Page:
Analysts believe that Coca Cola has several key strengths that will enable it to revive its business. Firstly, its widespread geographical presence will ensure a consistent source of growth for the company. Coca Cola’s products are available in more than 200 countries and territories around the world, and the company boasts one of the largest non-alcoholic beverage distribution systems globally. Additionally, over 40% of Coca Cola’s sales come from developing and emerging economies with a growing middle class. In 2020, the company generated net operating revenue of $33 billion, with two-thirds of that amount coming from outside the US. In developed markets, where competition is high, Coca Cola has established a track record of profitable growth through innovative strategies.
In the US, despite a decline in soda consumption, the value of the category continues to grow. One strategy employed by Coca Cola is “price pack architecture,” which refers to consumers’ willingness to pay extra for packaging innovations. The company has discovered that consumers prefer smaller drinks and are willing to pay more per ounce for them. Furthermore, Coca Cola has positioned itself in a part of the supply chain that requires less capital, labor, and overhead than rival beverage companies like Pepsi.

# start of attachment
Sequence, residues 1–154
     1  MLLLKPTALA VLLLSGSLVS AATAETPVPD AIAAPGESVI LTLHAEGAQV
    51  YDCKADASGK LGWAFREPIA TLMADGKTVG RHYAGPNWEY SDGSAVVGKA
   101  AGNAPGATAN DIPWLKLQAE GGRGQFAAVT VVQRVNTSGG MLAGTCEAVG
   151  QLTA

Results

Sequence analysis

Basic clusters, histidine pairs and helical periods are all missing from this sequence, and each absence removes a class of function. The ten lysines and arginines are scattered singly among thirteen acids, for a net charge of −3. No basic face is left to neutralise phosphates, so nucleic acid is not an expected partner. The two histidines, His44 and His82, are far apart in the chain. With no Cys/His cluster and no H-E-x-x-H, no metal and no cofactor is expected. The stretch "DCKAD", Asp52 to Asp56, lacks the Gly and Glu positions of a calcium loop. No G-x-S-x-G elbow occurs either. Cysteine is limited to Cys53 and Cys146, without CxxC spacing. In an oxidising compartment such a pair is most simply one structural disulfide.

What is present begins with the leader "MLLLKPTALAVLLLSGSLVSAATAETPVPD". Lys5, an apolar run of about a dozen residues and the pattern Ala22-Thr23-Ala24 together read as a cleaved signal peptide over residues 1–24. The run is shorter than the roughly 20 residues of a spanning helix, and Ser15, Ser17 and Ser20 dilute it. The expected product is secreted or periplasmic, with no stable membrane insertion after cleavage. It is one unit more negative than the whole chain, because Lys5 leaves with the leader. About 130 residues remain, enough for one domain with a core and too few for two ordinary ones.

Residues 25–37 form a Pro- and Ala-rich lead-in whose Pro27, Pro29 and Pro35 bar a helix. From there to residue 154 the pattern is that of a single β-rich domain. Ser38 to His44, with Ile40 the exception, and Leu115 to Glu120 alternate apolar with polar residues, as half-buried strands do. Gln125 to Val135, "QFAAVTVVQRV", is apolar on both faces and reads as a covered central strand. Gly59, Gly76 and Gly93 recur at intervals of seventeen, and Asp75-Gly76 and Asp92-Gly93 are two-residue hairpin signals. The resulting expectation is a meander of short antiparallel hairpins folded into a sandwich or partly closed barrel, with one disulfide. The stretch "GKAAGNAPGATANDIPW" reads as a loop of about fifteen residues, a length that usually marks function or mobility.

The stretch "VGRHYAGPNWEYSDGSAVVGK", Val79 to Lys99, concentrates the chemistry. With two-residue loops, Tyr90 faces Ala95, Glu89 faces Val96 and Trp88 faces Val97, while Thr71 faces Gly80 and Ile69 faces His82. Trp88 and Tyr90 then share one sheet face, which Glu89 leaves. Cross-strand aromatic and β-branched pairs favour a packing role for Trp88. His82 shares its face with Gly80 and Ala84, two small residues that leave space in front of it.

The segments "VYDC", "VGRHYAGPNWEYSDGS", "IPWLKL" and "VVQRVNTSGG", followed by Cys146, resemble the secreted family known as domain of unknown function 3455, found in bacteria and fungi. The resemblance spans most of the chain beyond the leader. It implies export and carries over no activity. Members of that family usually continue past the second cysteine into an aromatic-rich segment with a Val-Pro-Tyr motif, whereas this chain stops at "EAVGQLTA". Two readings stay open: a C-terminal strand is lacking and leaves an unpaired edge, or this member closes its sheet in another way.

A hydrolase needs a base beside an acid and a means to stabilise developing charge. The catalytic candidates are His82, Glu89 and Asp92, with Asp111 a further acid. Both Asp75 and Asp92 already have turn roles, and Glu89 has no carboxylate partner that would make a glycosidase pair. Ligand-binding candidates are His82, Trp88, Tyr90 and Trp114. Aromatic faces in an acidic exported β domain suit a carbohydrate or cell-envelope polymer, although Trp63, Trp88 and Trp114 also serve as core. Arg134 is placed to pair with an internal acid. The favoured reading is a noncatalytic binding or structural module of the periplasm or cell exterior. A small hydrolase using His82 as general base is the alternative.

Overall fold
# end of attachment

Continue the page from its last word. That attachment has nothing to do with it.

The challenges of plastic pollution and water usage
The majority of Coca Cola’s well-known beverages are not packaged and delivered directly by the company. Instead, Coca Cola focuses on producing the concentrate for its drinks and sends the mixtures to bottlers for further processing, packaging, and distribution.
In 2020, environmental organization Break Free From Plastic conducted a worldwide audit of plastic waste, in which over 15,000 volunteers in 55 countries collected plastic bottles, coffee cup lids, shampoo bottles, and surgical masks during a two-month cleanup. The group stated that for the third consecutive year, Coca Cola emerged as a leading contributor to plastic pollution, with nearly 14,000 Coca Cola-branded plastics found in 51 countries. As of 2018, Greenpeace reported that Coca Cola has produced over 110 billion single-use plastic bottles. The organization estimates that in the ten years leading up to 2018, the company reduced its plastic bottles by around a third, making up approximately 70% of Coca Cola’s packaging globally. Despite the fact that Coca Cola is not the only multinational corporation reliant on plastic packaging, the sheer size of the company highlights the extent of the issue. Other significant contributors to plastic pollution, according to Break Free From Plastic, include PepsiCo, Nestle, Unilever, Mondelez International, and Mars.